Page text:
Now the dust has settled (literally) in the master suite, Slav and I ask ourselves, “what’s next?” Without hesitation, we both knew it will be the utility room.
It is time to tiny up
Do not get me wrong, there are quite a few rooms that need attention. But the utility room rise to the top of the list as soon as rest of the basement was finished. After all, it is the last room to remodel in the lower level, and it is connected to the finished media room with a big opening.
The rough state of the utility room actually prevents us from using the media room as it’s intended. Knowing there will be more drywall dust when we renovate this room, we do not want to furnish the media room just yet.
Quite frankly, walking downstairs and still seeing bare studs and furnace ducts are getting old. It downplayed all the hard work we’ve done in the rest of the basement. “Curb your enthusiasm” it does.
Longest in making: the initial demo
Interestingly, this utility room is the longest in making among all spaces. When we moved into the house in the summer of 2017, this space was divided into two rooms, a laundry niche and a bedroom painted purple.
This bedroom was not up to code at all. And we do not need 5 bedrooms (!) in this house. We started demoing this space shortly after moving in, starting with the HVAC installation to accommodate the new ducting. It was 2.5 years ago!
Soon after, Slav removed the dividing wall between the laundry niche and the purple bedroom. Finally, doing laundry with washer and dryer doors fully open!
I immediately started brainstorming what this room could be used for. The first plan came to mind was to add a small kitchenette. You can see my blue tape on the wall indicating a sink cabinet.
We also proceeded to remove the drywall and soffit on the utility wall to expose the plumbing. It made the master bath renovation later a lot easier.
Just like that, I had the luxury to do laundry in the most spacious utility room I’ve eve had. This utility room measures 12″ x 16″, bigger than any of our bedrooms.
Create an open floorplan
Fast forward to a year ago, before renovating the basement, we removed the drywall between the media room and the utility room to expose the I-beam.
Then the framing below was gone too.
As part of the media room finish, the drywall was back up and a new opening was established.
It already looked a lot better, but we are ready to get it completely polished. If you have lived with renovation, you will likely agree that having a finished space that can be completely closed off from construction zones is essential for one’s sanity. Finishing this utility room will give us a finished basement that is isolated from the main floor, which is just that.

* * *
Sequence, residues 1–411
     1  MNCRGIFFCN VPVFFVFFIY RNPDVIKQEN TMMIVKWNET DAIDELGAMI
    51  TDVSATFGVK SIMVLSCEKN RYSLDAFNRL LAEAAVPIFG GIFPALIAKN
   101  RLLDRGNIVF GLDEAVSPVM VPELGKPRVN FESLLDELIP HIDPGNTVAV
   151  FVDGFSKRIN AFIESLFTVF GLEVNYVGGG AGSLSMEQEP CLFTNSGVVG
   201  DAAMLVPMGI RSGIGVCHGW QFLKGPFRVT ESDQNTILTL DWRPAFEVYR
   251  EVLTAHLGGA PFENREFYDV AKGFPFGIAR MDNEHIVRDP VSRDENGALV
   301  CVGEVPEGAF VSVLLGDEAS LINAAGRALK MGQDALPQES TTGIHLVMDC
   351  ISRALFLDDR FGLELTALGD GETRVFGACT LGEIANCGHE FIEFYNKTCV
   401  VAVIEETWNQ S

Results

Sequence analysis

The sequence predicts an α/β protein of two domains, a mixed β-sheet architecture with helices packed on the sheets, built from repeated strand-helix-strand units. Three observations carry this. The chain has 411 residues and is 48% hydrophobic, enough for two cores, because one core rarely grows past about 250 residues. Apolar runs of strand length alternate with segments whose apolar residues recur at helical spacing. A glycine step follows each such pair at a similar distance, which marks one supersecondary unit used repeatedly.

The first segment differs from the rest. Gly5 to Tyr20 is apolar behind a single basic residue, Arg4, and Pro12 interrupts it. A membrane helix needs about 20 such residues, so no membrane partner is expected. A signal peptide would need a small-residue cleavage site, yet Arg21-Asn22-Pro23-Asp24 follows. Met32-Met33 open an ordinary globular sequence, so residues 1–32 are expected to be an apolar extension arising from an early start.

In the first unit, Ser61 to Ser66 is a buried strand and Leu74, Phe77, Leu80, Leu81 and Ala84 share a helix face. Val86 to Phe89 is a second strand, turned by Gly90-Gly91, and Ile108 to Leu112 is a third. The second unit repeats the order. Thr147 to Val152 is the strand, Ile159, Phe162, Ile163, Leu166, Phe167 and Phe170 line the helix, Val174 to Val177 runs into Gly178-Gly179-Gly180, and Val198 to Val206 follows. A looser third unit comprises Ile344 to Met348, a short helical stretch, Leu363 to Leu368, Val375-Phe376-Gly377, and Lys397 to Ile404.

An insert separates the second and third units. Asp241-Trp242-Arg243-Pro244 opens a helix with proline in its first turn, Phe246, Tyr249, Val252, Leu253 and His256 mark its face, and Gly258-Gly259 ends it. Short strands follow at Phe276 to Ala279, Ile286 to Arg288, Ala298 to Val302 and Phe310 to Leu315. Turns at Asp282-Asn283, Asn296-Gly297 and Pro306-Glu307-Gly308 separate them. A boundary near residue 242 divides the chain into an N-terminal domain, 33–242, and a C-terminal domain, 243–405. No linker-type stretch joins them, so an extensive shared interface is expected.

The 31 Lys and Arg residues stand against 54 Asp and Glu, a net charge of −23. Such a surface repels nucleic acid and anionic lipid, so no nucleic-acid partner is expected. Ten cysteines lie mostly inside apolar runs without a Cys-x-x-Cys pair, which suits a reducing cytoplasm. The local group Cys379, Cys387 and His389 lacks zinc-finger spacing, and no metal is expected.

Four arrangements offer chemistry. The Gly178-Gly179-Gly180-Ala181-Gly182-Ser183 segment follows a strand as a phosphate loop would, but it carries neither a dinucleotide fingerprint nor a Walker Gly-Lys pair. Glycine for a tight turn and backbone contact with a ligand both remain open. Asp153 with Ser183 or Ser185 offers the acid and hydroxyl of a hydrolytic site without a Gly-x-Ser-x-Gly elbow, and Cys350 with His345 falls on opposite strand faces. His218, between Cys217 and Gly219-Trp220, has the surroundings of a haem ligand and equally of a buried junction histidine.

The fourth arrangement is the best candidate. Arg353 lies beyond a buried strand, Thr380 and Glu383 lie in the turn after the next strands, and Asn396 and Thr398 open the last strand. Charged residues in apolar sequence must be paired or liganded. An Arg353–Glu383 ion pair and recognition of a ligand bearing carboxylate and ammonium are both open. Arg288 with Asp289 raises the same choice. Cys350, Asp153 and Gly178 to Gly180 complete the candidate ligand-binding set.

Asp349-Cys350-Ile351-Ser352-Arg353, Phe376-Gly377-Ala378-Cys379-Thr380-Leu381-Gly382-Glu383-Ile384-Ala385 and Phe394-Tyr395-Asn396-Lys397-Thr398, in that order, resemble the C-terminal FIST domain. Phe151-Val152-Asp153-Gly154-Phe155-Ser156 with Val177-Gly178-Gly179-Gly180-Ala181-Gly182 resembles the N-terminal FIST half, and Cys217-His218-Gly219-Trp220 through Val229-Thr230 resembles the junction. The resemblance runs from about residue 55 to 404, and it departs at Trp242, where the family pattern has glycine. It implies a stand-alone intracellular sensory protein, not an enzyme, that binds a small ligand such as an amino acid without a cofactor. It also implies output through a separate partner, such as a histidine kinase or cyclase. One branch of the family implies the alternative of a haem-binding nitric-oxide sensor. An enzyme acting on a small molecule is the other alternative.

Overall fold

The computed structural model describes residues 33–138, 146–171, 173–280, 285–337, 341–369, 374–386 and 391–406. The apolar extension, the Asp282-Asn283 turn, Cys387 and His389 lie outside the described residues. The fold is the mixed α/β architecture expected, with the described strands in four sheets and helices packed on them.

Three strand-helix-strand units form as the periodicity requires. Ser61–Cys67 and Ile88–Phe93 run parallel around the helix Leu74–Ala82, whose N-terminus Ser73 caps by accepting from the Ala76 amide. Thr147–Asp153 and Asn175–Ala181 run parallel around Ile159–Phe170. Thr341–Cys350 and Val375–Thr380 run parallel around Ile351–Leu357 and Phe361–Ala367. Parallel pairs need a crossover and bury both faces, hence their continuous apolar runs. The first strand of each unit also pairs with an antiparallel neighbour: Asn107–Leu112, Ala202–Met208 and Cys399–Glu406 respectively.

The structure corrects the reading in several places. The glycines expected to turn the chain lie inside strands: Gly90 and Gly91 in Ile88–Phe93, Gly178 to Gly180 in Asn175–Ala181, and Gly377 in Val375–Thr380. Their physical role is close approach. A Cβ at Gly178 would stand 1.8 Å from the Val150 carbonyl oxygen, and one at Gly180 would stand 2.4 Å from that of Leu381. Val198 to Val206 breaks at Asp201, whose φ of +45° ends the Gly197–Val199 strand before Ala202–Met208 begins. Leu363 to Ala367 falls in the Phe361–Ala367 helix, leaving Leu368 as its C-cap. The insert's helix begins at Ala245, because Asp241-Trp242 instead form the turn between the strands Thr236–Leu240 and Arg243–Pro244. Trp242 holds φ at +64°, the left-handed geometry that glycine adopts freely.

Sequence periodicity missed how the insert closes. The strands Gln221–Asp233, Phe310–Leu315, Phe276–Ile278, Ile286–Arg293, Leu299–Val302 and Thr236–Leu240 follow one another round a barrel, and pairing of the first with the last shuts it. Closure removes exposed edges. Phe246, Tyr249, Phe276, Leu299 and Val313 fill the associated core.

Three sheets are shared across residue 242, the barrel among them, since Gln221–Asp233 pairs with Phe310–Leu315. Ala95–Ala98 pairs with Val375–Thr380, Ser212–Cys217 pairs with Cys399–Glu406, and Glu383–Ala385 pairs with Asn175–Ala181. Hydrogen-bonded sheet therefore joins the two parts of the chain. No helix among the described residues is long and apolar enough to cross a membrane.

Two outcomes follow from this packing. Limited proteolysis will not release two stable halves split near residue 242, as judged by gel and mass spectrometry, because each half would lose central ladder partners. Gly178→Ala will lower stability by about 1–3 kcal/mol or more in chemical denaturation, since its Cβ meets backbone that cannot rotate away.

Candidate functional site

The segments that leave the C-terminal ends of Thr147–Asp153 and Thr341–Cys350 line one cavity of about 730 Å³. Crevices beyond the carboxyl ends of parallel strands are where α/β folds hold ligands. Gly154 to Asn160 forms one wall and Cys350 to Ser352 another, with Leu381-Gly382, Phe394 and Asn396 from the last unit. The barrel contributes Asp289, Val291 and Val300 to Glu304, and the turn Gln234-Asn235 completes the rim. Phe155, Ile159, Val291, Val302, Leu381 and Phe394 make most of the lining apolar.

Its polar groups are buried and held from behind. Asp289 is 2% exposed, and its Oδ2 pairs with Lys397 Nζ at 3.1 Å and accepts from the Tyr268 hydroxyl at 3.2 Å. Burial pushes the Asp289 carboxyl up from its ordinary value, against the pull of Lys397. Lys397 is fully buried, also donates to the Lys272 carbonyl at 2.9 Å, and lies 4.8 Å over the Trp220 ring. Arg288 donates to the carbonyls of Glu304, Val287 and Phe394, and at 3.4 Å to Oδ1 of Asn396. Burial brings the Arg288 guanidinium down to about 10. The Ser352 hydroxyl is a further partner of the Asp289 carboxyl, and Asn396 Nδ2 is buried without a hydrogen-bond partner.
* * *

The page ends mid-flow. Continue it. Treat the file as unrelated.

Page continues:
Kitchenette or not, it is a question.
To date, the utility room houses the furnace, the tankless water heater, and the washer and dryer.
On the other side of the room, a closet hosts the new electrical sub-panel for the basement.
For the longest time, I was convinced that we should turn this space into a dry kitchen. If you are not familiar with the concept of dry kitchen – it is very common in some culture to have two kitchens, one for washing and cooking, which produces moisture and smoke, and one for serving drinks and snacks, which remains relatively clean and odorless. The latter is called a dry kitchen. Small appliances such as microwave, toaster, and coffee machine can stay in the dry kitchen for easy access, whereas refrigerator and cooktop usually remain in the cook’s kitchen.
These two kitchens are often connected. The cook’s kitchen can usually be closed off with french/pocket doors from the dry kitchen when guests arrive. In our case, I imaged the upstairs kitchen to be where we cook, and the basement kitchen to serve more like a dry bar and place for snacks and pizza for movie/game nights.
With a dry kitchen in mind we started getting quotes. What we quickly learned, is that kitchen is expensive! Even so tiny, quotes we got were somewhere between $20000 to $40000. $20000, for installing a sink, some cabinets and countertop, and tile some backsplash! As you could imagine, we quickly nix the dry kitchen plan.
How we will go about finishing the utility room now?
We decided at last, without a clear vision for the purpose of the space, is to finish the room the simplest way possible. We can always come in with some DIY effort later, but for now, getting this space dust free is the priority. Below are the main steps we plan to take:
1. Demo the remaining purple drywall and drywall in the closet;
2. Replace plumbing needed and move the floor drain;
3. Framing walls, soffit when necessary, and add a pocket door to the closet;
4. Frame a floor-to-ceiling utility closet to conceal the furnace and water heater;
5. Electrical work necessary;
6. Drywall the ceilings and walls;
7. Paint the ceilings and walls;
8. Continue the NuCore flooring from the media room to the utility room;
9. Trims and baseboard – the entire basement;
10. Create a laundry nook with cabinet storage.
So here they are, our current plan for attack in the utility room. We are still talking to a contractor about his availability, and this project will likely last the rest of the winter. But when it is finished it will be a great relief to us. We have started the plumbing work and I have been putting the progress on IG stories (under the highlight “AllAboutPlumbing”). Check it out, guys!
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